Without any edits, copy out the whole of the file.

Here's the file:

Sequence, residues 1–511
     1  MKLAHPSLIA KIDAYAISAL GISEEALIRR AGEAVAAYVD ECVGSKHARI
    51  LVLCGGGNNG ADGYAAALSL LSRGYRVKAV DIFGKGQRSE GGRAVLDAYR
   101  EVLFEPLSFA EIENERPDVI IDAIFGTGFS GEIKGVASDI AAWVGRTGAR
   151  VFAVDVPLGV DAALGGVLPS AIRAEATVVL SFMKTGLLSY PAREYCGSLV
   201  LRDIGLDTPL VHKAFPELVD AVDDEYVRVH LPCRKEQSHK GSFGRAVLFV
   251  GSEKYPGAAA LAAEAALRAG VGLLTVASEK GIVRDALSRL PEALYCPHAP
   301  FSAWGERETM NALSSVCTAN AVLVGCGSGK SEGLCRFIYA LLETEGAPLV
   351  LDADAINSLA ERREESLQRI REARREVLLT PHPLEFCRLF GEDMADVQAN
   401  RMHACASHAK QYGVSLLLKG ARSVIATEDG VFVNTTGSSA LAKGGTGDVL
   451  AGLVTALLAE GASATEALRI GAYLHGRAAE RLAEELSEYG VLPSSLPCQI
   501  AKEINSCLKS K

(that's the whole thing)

Sequence, residues 1–511
     1  MKLAHPSLIA KIDAYAISAL GISEEALIRR AGEAVAAYVD ECVGSKHARI
    51  LVLCGGGNNG ADGYAAALSL LSRGYRVKAV DIFGKGQRSE GGRAVLDAYR
   101  EVLFEPLSFA EIENERPDVI IDAIFGTGFS GEIKGVASDI AAWVGRTGAR
   151  VFAVDVPLGV DAALGGVLPS AIRAEATVVL SFMKTGLLSY PAREYCGSLV
   201  LRDIGLDTPL VHKAFPELVD AVDDEYVRVH LPCRKEQSHK GSFGRAVLFV
   251  GSEKYPGAAA LAAEAALRAG VGLLTVASEK GIVRDALSRL PEALYCPHAP
   301  FSAWGERETM NALSSVCTAN AVLVGCGSGK SEGLCRFIYA LLETEGAPLV
   351  LDADAINSLA ERREESLQRI REARREVLLT PHPLEFCRLF GEDMADVQAN
   401  RMHACASHAK QYGVSLLLKG ARSVIATEDG VFVNTTGSSA LAKGGTGDVL
   451  AGLVTALLAE GASATEALRI GAYLHGRAAE RLAEELSEYG VLPSSLPCQI
   501  AKEINSCLKS K